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Analysing morphology-habitat relationships in a montane plant species, I am thinking of using slope exposition (i.e., northern, southern slopes, etc.) as one of the habitat features, since a direct measuring of all the associated microclimatic factors appears problematic. I have plant samples from many sites within a montane area of ca. 1300 squared kilometres and for each site I have slope sexposition data (cardinal and inter-cardinal directions). I need to correlate this data with leaf morphometric anatomical/morphological traits.
I would be grateful if someone could also recommend some papers reporting relationships between plant growth/occurrence and slope exposition in mountains.
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Alternatively, you can break your directions into a north-south and an east-west aspect component.You require assignation of angles or compass directions in degrees. Depending on your study system, one of these slope aspect components might be of greatest interest (for example if working at a temperate latitude, most likely you would expect the degree of N-S orientation to matter more biologically, due to the difference in solar incidences). If you take the cos (angle) this will give you the N-S component as a numeric form ranging from 1 to -1, with 1 being N (0 or 360 degrees) and -1 being S (180), zero indicates a compete east or west exposition. The Sin(angle) is the E-W component, again ranging from 1 (East) to -1 (West). Then you can run correlations and linear regressions with your data.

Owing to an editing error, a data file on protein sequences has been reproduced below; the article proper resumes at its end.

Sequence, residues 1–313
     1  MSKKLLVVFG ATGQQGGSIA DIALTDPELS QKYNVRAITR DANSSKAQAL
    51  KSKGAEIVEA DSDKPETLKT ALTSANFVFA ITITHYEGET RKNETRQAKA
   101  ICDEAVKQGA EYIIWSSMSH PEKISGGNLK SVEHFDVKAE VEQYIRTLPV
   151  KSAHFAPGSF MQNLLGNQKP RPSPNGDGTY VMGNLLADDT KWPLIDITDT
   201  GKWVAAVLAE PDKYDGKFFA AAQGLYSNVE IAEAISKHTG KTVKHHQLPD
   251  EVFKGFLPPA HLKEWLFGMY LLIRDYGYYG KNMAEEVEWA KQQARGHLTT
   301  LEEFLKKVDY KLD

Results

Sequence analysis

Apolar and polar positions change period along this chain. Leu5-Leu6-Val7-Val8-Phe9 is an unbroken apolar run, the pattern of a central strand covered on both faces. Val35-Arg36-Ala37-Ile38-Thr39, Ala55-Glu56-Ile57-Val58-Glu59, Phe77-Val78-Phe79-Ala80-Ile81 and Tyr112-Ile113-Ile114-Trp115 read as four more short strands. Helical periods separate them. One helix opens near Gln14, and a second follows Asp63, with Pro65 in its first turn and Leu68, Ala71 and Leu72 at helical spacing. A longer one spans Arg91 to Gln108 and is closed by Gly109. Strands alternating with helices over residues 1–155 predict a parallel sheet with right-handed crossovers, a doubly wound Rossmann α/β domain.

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Symplastic loading is passive, and by definition does not require ATP for sucrose loading into the phloem. In apoplastic loaders, by contrast, ATP is required for sucrose loading into the phloem, which is provided through the Sucrose Synthase catalyzed breakdown of some of the sucrose actively symported into the sieve element companion cell (SE-CC) complexes. Is it then plausible that Sucrose Synthase would be found in the SE-CC complexes of apoplastic loaders and not in the SE-CC complexes of symplastic loaders?
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Please see below the reference:
Daloso, D. M., Williams, T. C., Antunes, W. C., Pinheiro, D. P., Müller, C., Loureiro, M. E., & Fernie, A. R. (2016). Guard cell‐specific upregulation of sucrose synthase 3 reveals that the role of sucrose in stomatal function is primarily energetic. New Phytologist, 209(4), 1470-1483.
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Plant morphology manual.
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Hi Geonyzl,
Is everything going well with the organization of the plant morphology book?
I would love to collaborate. Thanks for the invitation.
My best,
M. Athaydes
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Plant Morphology versus Molecular phylogeny
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This question certainly requires specification. The answers depend heavily on what you are actually want to now.
(1) Morphological evidence considered in total evidence studies; A wide range and the selection depends mostly on the morphological disparity of the lineage inferred. Thus, the answer depends on the lineage of taxa inferred.
(2) Morphological evidence considered in the discussion of studies employing molecular phylogenetic: Again, the answer depends on the organisms studied.
(3) Material used to extract DNA for molecular phylogenetic studies: Again, the answer depends on the organisms studied and the question asked.
The hypothetical answers has one thing in common: it depends very much on the organisms studied.
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histological charectors of plants or microscopy of plant
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According to published materials, it is not known to produce root suckers.... but many locals in my study site have observed p.nigra to produce root suckers.... 
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Thank you for the answers. 
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can anybody help me to identify the species of Muncuna 2?